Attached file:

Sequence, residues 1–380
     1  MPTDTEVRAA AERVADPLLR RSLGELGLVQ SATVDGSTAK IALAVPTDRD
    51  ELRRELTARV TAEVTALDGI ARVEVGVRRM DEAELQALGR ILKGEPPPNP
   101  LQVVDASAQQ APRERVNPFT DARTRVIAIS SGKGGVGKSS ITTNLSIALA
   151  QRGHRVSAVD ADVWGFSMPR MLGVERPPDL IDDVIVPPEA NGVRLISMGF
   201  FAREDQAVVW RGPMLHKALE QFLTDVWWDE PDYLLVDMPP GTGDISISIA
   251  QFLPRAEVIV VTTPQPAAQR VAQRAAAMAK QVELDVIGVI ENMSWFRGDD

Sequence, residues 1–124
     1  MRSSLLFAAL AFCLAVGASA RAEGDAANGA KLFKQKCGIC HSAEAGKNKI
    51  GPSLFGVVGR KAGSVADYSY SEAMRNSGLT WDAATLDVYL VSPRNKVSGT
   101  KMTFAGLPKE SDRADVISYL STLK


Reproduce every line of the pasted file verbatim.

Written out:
Sequence, residues 1–380
     1  MPTDTEVRAA AERVADPLLR RSLGELGLVQ SATVDGSTAK IALAVPTDRD
    51  ELRRELTARV TAEVTALDGI ARVEVGVRRM DEAELQALGR ILKGEPPPNP
   101  LQVVDASAQQ APRERVNPFT DARTRVIAIS SGKGGVGKSS ITTNLSIALA
   151  QRGHRVSAVD ADVWGFSMPR MLGVERPPDL IDDVIVPPEA NGVRLISMGF
   201  FAREDQAVVW RGPMLHKALE QFLTDVWWDE PDYLLVDMPP GTGDISISIA
   251  QFLPRAEVIV VTTPQPAAQR VAQRAAAMAK QVELDVIGVI ENMSWFRGDD

Sequence, residues 1–124
     1  MRSSLLFAAL AFCLAVGASA RAEGDAANGA KLFKQKCGIC HSAEAGKNKI
    51  GPSLFGVVGR KAGSVADYSY SEAMRNSGLT WDAATLDVYL VSPRNKVSGT
   101  KMTFAGLPKE SDRADVISYL STLK